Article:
Dharma is a concept pertaining to different Southern Asian religious traditions including Buddhism, Jainism, Sikhism and Hinduism. Within Hinduism, dharma has gained a range of different meanings that broadly identify moral conduct or social and cosmic order. In addition, it is also referred to as being a religion. Sanātana dharma is term that is used as being synonymous with Hinduism, even though its meaning refers to universal religion or universal dharma. Dharma defines the orientation of life and its purpose. Historically, it has implied a form of social organisation that guides the spiritual life of the individual as a member of society. It gives a moral orientation towards a 'right life' to achieve happiness and salvation. It is a term that combines ethics and religion and informally regulates inter-personal and social interactions. With different philosophical and religious meanings, dharma may be vaguely translated to mean religion or religious, moral or morality, justice, moral law, duty, virtuous life or virtue and rightful conduct. The ideas of justice, rightness and virtue do not prescribe a superior judge (as God in Judaism, Christianity or Islam) but rather refer to the harmony of the cosmic order. Therefore, dharma as a guide to conduct a moral life is not prescribed by a coded text but rather it prescribes the individual and social conduct of harmonious interaction among different human beings. The concept dates back to the Vedas, sacred texts of the Indo-Aryan period.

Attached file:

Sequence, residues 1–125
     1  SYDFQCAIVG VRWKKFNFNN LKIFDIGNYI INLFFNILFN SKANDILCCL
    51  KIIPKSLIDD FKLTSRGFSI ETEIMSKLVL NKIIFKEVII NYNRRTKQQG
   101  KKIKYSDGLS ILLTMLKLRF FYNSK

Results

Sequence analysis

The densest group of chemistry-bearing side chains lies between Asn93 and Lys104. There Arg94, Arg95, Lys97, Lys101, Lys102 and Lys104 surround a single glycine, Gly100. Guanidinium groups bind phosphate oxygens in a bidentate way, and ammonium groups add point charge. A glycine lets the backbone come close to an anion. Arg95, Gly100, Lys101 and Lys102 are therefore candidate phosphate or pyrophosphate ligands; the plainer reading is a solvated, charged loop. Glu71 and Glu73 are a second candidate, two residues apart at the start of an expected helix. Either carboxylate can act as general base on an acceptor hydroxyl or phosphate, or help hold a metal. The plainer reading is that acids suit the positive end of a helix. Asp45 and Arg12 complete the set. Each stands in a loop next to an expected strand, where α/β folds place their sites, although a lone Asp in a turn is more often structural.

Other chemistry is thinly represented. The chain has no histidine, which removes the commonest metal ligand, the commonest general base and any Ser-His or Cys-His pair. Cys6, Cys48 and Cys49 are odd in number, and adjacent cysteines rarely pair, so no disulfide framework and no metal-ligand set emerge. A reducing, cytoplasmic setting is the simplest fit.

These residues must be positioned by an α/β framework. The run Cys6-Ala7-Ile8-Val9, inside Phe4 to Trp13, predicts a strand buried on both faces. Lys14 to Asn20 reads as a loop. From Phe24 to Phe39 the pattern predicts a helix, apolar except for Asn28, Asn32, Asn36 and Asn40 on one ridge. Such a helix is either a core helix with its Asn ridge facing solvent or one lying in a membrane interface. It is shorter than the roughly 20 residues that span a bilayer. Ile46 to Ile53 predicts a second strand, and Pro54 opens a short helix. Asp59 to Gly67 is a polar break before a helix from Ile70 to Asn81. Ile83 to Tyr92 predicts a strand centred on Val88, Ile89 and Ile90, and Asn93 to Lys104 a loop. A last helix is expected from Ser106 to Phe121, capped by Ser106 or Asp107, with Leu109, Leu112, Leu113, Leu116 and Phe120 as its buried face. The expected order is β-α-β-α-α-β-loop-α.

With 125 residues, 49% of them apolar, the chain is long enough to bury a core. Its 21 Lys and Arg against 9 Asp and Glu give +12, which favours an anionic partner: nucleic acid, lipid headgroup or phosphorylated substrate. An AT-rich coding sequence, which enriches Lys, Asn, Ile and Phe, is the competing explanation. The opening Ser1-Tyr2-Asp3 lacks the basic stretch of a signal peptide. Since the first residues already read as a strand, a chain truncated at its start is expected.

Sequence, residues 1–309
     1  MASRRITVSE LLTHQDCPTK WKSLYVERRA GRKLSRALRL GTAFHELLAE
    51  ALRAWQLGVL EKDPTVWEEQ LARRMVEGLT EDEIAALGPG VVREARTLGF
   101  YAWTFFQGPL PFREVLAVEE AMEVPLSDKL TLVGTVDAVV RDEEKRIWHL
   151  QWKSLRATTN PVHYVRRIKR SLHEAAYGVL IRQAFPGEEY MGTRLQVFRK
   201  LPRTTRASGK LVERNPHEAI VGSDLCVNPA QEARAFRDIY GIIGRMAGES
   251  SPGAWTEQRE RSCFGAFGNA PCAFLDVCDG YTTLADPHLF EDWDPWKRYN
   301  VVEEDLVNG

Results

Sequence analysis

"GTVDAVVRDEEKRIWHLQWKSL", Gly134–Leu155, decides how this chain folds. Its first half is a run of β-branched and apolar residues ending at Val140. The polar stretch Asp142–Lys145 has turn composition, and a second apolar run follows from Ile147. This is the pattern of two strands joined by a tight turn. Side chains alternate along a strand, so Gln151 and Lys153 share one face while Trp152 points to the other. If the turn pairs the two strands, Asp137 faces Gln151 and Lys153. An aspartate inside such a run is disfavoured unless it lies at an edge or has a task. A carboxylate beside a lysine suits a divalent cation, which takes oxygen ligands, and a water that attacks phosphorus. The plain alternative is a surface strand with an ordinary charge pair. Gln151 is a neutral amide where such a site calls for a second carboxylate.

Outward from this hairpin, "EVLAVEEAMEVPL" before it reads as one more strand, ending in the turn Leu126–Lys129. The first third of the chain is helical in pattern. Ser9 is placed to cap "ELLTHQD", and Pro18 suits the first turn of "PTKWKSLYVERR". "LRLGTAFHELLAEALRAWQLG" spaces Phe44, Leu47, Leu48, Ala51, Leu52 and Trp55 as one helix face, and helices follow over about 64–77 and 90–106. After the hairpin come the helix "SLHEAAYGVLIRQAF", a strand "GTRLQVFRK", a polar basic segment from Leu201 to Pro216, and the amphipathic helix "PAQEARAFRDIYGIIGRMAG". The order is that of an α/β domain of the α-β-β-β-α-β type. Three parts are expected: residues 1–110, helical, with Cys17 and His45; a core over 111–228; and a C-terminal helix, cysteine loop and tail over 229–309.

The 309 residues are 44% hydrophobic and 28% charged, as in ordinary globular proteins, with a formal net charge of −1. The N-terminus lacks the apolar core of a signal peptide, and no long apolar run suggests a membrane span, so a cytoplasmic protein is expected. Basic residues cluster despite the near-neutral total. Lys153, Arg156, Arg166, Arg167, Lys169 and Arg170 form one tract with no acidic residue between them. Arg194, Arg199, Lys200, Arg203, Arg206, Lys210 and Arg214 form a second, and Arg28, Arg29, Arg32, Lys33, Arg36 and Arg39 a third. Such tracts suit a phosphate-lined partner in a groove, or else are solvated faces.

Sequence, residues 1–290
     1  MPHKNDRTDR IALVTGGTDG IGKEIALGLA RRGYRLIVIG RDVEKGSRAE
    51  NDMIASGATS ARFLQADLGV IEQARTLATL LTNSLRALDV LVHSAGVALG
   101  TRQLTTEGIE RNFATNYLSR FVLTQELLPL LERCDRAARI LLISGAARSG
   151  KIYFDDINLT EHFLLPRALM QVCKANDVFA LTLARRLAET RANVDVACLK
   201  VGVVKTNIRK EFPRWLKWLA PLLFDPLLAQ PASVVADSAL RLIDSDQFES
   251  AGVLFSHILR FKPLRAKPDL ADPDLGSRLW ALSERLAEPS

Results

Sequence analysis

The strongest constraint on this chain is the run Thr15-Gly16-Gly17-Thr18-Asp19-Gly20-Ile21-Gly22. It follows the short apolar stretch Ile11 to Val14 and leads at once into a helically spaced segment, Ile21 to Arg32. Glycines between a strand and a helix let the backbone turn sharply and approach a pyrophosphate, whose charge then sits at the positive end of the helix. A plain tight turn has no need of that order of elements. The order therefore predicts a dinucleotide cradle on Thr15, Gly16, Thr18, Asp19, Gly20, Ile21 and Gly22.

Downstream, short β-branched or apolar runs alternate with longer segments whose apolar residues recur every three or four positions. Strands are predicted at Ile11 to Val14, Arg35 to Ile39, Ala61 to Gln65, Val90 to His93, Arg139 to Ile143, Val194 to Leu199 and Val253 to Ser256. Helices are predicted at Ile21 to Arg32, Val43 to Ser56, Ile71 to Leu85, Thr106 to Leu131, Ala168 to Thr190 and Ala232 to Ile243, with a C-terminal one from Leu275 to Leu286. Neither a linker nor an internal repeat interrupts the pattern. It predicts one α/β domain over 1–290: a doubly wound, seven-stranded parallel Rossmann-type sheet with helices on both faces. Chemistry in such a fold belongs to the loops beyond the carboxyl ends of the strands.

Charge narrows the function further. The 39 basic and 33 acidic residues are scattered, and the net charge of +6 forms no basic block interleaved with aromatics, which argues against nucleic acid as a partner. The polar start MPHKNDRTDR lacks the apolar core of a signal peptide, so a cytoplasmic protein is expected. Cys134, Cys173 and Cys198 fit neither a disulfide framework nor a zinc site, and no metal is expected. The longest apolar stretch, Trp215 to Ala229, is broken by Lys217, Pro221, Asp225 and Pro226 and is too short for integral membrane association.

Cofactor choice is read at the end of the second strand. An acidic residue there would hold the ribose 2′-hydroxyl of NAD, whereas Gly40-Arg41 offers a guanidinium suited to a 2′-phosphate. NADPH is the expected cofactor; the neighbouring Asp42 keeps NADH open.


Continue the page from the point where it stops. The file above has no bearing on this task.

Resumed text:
Dharma has come to mean three ranges of law or order: 1) an individual spiritual and morally ascetic law, 2) a social regulation mandated by morality, custom and public opinion to achieve the integrity of society, and 3) the order of the universe. Dharma is one of the four objectives to achieve a fulfilling life (the third in terms of importance). The first two represent physical goals, artha (wealth or subsistence), and kama (desire). The physical goals are not morally bad but they need to be achieved within the limits set by the law of dharma. This may lead to their enjoyment, the sustainability of the social and cosmic order, and their ascetic renunciation. The ultimate objective is liberation or moksha (mukti, nirvana, or kaivalya). Dharma is the moral conduct of life. It is superior to these aforementioned physical objectives and leads to the higher objective of liberation. The concept is multi-dimensional and applies to individual life of different human being as well as to the cycle of death and rebirth. This richness of meanings opens has also led to the controversial social order of the varna or class-caste system.